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Senators Wants Crypto Clarity To President Biden’s Infrastructure Bill

Joe Biden’s controversial Infrastructure Bill almost has its implementation in place. However, there are still consultants and politicians who want to clarify its contents.

Today, Sen. Cynthia Lummis (R.WY) announced a legal proposal to protect the country’s crypto industry. The legislation would improve certain concepts in the Infrastructure Bill. This includes the definition of “broker.”

Multiple Meanings of a Word

Lummis-Wyden’s bill is significant because it provides a legal definition for the term “broker.” This excludes crypto miners, stakers and developers, wallets, custodials, and wallets.

The “Bill to amend the rules of construction applicable information reporting requirements imposed upon brokers with respect to digital assets and for other purposes” text is very simple. It only contains one article that restricts the definition of broker as it is used in the Infrastructure Law.

The Infrastructure Law structure would require service providers to give the government private information about their users, even though it may not be possible for all of them (e.g. DeFi developers or non-custodial wallet provider). Experts claim that the Infrastructure Act, as it stands today, would hinder the free development and growth of the US crypto market.

The Lummis-Wyden bill, if it is passed, would be a win for cryptocurrency enthusiasts.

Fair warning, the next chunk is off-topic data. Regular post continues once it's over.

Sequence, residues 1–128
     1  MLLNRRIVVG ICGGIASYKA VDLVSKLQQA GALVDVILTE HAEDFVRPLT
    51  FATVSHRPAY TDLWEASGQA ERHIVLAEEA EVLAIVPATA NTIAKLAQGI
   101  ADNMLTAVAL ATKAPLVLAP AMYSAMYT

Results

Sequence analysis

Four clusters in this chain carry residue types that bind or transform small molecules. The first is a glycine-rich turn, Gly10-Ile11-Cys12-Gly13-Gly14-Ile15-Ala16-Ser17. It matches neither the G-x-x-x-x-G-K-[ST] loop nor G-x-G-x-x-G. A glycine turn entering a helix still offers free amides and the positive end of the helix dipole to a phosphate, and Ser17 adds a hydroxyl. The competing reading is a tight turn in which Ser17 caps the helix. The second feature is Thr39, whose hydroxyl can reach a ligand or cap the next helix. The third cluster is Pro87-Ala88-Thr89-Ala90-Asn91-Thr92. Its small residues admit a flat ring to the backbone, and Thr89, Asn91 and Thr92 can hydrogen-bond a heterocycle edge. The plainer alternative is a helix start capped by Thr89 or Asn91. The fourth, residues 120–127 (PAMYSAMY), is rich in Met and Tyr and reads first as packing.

Both Wyden and Lummis expressed concern about the future development of the industry. Lummis stated in an official press release that this was an attempt to safeguard the innovation and development within the crypto ecosystem.

“With the infrastructure bill on the verge of becoming law, it’s critically important to protect innovation in the digital asset space. Our bill makes clear that the new reporting requirements do not apply to individuals developing block chain technology and wallets.”

Lummis also stated that the bill aims to ensure that cryptocurrency traders pay capital gain taxes.

The Infrastructure Bill

The Infrastructure Bill was passed by 226 votes in favor, compared to 206 votes against earlier this month. The bill would require crypto traders to file 1099 forms at the IRS. American crypto companies will have to reveal the personal data of their customers (IDs, addresses, etc.)

Cynthia Lummis is a well-known Bitcoiner and critic of the Infrastructure Bill. She tried to amend it during Senate debate sessions but was unsuccessful.

This would allow the law to be made more crypto-friendly without having to go through all the political wrangling required for President Joe Biden’s most ambitious suggestion at the moment.